|New Year, New Hope|
by Carolyn Chase
office receives a strange assortment of requests for assistance.
About once every week or so, I receive a message asking for help.
Often they are calling me out of frustration; but always, they
are calling because they care.
Most are asking for help to save something or some place that they love. One week it's illegal grading next to an eagle's nest; the next week it's a pollution or sewage spill or trash-dumping issue. Some weeks it's just help to save a baby bird or other critter or how to recycle something. Sometimes it's related to permits - how to get them or how to stop them. Most of the time, I'm able to do a successful referral. The people who contact me also receive some connection to hope. But the hardest calls are from folks seeking justice. It's tough even to provide hope for those who need some recourse via the legal system.
The search for justice in our society automatically throws you into a foreign realm in which the average person is ill-equipped to cope. The legal system is the domain of semi-civilized warfare, and you had better have some smart people on your side or you'll be road kill. More than a battlefield for the wronged or perceived wronged, it's the way the powerful get their business done.
But one person's business can be another person's problem. How is it acceptable for developers, elected officials and bureaucrats to compromise our environmental protections and quality of life? Do we have the technology to replace or reproduce what we are destroying in nature? Because the environment is, by its very nature passive, or simply reduced to property, can our demands upon it ever be mediated except via crisis or lawsuit? Or will we just continue to mitigate our way to hell?
You also find out quickly that the price of justice is extraordinarily high. So high, in the case of environmental issues, that we can never, ever recoup. It is an uphill battle simply to retain any ground.
For a group of us interested in overturning the City's "Statement of Overriding Considerations" prepared for the Zoning Code Update and purporting to justify the proposed environmental damage, the legal analysis came back positive. Yes, indeedy. We could pursue at least two causes of action with a reasonable expectation of success. But at what price? It's not just a matter of risk analysis once know you have reasonable chance to succeed; it's more of an opportunity cost/benefit equation. How much will it really cost to pursue justice? It's where you have to put a price tag on doing the right thing.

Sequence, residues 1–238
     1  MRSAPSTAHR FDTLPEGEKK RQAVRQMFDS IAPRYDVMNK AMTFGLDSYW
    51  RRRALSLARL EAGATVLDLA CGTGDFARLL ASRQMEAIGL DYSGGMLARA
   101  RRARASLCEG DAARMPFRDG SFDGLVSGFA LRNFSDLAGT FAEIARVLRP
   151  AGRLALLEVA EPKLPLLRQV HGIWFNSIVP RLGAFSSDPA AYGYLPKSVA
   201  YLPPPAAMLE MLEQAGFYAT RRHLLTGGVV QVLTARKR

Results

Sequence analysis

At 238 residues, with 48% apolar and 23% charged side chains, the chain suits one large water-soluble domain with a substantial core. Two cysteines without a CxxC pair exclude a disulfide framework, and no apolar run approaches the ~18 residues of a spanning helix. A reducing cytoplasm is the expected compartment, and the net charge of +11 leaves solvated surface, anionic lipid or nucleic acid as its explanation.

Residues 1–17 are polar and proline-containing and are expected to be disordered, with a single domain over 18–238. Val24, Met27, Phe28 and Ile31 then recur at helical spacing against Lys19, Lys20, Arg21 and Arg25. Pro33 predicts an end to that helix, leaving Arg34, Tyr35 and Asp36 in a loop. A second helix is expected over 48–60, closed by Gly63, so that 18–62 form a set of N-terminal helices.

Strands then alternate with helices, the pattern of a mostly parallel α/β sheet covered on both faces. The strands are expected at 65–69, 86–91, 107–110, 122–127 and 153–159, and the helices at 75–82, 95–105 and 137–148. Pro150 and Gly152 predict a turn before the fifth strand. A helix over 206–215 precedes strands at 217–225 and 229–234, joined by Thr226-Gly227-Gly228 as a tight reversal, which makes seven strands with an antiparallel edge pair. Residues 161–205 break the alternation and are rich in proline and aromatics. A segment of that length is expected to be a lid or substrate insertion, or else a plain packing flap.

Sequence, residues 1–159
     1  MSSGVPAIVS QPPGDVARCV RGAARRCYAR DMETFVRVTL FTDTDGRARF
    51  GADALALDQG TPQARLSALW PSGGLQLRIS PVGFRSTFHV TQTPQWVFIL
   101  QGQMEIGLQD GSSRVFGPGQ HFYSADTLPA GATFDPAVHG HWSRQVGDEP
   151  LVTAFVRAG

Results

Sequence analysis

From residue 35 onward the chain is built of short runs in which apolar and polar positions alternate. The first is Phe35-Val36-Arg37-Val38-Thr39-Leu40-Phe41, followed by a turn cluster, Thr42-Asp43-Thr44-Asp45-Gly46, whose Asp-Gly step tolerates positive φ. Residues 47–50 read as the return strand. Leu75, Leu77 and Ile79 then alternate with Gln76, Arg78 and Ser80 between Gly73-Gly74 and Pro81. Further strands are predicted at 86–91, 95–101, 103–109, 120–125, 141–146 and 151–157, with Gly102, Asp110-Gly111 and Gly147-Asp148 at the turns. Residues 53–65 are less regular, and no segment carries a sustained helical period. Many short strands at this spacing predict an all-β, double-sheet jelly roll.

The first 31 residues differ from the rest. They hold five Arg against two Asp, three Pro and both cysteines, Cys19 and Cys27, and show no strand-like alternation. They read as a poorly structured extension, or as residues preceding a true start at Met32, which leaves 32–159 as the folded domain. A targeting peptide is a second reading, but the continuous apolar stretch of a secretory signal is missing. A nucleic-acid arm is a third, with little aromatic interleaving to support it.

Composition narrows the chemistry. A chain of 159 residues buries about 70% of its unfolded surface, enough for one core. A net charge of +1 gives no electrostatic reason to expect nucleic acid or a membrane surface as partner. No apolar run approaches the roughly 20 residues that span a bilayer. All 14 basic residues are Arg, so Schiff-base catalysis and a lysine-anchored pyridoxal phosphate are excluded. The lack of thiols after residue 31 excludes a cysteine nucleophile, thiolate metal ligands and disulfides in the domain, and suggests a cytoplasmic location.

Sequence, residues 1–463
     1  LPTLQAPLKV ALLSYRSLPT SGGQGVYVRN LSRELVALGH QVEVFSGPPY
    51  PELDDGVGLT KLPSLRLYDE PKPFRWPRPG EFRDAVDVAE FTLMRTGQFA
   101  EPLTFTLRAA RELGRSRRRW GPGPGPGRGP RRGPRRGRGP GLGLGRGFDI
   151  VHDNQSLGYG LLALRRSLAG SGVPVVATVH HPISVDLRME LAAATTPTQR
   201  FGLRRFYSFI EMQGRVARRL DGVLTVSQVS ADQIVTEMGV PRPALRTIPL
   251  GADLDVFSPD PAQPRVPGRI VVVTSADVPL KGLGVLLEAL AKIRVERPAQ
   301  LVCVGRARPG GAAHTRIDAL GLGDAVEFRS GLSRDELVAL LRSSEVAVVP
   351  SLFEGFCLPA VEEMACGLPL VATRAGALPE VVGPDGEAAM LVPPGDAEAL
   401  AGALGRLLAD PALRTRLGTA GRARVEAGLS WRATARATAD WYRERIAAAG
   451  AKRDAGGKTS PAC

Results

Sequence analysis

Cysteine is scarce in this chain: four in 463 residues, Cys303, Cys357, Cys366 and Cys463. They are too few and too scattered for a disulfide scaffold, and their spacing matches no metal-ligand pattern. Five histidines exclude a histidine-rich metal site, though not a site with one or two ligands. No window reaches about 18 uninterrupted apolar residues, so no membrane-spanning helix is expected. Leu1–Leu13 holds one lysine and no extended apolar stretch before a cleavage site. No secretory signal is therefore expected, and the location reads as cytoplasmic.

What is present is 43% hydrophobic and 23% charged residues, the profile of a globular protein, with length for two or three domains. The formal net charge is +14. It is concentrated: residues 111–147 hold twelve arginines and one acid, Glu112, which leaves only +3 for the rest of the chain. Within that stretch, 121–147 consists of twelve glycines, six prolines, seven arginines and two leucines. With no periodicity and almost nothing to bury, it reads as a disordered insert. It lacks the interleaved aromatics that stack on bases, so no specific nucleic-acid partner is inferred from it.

Astonishingly, the City is not legally required to provide any cost/benefit analysis for their activities - even for the sweeping changes made to the Zoning Code. They should be required to do it, but this doesn't happen unless the politically powerful need it to advance their already-decided-upon agenda. After all, it's terribly inconvenient to get an analysis back that doesn't agree with your agenda. It's better never to do it to begin with. As long as your donors tell you it's good for them, it's good for the entire city right?
The legally-required environmental analysis and environmentally preferred alternatives were dismissed and considered to be overridden by the following policy-based justification: "it would contradict City efforts to decrease regulation complexity and to increase development predictability."
The environmental analysis stated that the following would be the likely results of passing the ZCU: loss of existing natural land forms - including hillsides; loss of wetlands and wetlands buffers; inconsistency with environmental goals of adopted land use plans; loss of important agricultural land; significant losses of populations of species not covered by the MSCP (Multiple Species Conservation Program) preserve design; preclusion of adequate wildlife corridors for species not covered by the MSCP preserve design; loss of archaeological resources and historical buildings, structures, objects and landscapes; loss of paleontological resources; increased erosion with the resulting sediment ultimately negatively affecting downstream wetland and lagoon areas; increased air pollution emissions; increased runoff and increased volume of pollutants carried by the runoff; and increased traffic volumes.
But so what, right? Our main policy goals are to keep it simple and increase assurances for developers. The stated goals, incidentally, were: clarity, objectivity, consistency, predictability, simplicity, adaptability, progressiveness and integrity. None of these are inherently in conflict with environmental protections.
Protection of the environment can be accomplished in a clear, objective, consistent, predictable, simple, adaptable, and progressive manner with plenty of integrity. Streamlining to increase predictability for the developer and for the environment - giving us all assurances - should have been the order of the day. But the city quickly adapted the goals as the process unfolded: it would be predictability for developers, adaptability for the public, and increased environmental impacts overall.
The City is not really required to do any planning or really abide by its general plan or community plans - because of the policies of this mayor and city council. In essence the majority leadership seems to believe that planning is only one-step removed from communism.
If I had an "extra" $30-50K sitting around, it might be fun to take a firm position in our pinball political system. But what would be the remedy, even if we won? The City would likely just have to make another statement. It would be longer and glossier, and probably even have some real analysis. Unfortunately I'm not wealthy enough to invest in this kind of justice. The money required to pursue it might be better spent on campaigns to replace the elected officials who led the effort to dismantle environmental protections and planning.